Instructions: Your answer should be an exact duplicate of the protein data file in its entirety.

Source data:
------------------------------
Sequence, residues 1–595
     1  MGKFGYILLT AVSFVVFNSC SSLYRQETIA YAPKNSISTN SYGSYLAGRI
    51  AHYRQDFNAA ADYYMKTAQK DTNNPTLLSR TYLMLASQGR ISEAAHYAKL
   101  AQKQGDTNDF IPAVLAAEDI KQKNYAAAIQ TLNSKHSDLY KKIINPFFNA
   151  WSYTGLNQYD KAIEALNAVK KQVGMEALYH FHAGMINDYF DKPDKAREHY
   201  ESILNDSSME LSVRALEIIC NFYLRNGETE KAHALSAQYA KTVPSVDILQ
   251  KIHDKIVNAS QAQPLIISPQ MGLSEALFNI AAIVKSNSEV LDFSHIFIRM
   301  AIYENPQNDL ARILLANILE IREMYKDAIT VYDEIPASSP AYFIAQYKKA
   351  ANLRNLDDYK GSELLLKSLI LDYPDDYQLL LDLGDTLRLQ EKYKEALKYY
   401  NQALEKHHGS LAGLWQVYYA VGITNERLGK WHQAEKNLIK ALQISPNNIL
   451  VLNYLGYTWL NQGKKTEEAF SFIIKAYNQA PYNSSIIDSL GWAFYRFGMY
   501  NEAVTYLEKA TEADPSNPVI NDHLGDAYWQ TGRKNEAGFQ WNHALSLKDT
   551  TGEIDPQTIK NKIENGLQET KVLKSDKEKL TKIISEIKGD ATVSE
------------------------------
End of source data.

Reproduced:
Sequence, residues 1–595
     1  MGKFGYILLT AVSFVVFNSC SSLYRQETIA YAPKNSISTN SYGSYLAGRI
    51  AHYRQDFNAA ADYYMKTAQK DTNNPTLLSR TYLMLASQGR ISEAAHYAKL
   101  AQKQGDTNDF IPAVLAAEDI KQKNYAAAIQ TLNSKHSDLY KKIINPFFNA
   151  WSYTGLNQYD KAIEALNAVK KQVGMEALYH FHAGMINDYF DKPDKAREHY
   201  ESILNDSSME LSVRALEIIC NFYLRNGETE KAHALSAQYA KTVPSVDILQ
   251  KIHDKIVNAS QAQPLIISPQ MGLSEALFNI AAIVKSNSEV LDFSHIFIRM
   301  AIYENPQNDL ARILLANILE IREMYKDAIT VYDEIPASSP AYFIAQYKKA
   351  ANLRNLDDYK GSELLLKSLI LDYPDDYQLL LDLGDTLRLQ EKYKEALKYY
   401  NQALEKHHGS LAGLWQVYYA VGITNERLGK WHQAEKNLIK ALQISPNNIL
   451  VLNYLGYTWL NQGKKTEEAF SFIIKAYNQA PYNSSIIDSL GWAFYRFGMY
   501  NEAVTYLEKA TEADPSNPVI NDHLGDAYWQ TGRKNEAGFQ WNHALSLKDT
   551  TGEIDPQTIK NKIENGLQET KVLKSDKEKL TKIISEIKGD ATVSE